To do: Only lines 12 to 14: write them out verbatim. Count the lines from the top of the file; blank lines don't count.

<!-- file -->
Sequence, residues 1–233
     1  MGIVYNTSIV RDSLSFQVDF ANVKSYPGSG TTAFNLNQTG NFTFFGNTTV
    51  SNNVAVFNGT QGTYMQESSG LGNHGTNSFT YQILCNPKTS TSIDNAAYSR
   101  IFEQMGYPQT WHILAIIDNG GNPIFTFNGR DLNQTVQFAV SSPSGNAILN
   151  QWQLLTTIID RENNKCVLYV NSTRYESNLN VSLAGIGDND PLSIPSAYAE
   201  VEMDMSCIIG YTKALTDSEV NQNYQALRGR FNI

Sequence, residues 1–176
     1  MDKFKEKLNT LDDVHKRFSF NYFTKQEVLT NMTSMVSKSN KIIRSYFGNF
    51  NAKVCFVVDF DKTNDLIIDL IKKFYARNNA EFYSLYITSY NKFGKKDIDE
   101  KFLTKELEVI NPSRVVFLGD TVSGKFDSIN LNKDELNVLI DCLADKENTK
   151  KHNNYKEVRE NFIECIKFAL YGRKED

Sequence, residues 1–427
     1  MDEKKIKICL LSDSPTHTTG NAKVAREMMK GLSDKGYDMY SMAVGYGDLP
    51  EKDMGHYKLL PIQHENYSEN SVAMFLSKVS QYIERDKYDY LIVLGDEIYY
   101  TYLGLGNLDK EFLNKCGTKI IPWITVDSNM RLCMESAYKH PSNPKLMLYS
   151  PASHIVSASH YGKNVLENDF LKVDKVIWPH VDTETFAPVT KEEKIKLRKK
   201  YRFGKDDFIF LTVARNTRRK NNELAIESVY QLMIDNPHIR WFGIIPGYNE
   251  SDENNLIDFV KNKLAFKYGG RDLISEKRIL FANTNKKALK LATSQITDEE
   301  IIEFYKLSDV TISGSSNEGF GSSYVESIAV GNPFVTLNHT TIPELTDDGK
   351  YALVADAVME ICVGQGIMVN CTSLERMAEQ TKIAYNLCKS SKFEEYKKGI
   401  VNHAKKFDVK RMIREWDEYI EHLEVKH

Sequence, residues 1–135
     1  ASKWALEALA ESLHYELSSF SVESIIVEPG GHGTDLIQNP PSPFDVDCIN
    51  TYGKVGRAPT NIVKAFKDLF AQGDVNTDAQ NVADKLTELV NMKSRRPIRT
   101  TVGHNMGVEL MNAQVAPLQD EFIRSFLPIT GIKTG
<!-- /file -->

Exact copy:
Sequence, residues 1–427
     1  MDEKKIKICL LSDSPTHTTG NAKVAREMMK GLSDKGYDMY SMAVGYGDLP
    51  EKDMGHYKLL PIQHENYSEN SVAMFLSKVS QYIERDKYDY LIVLGDEIYY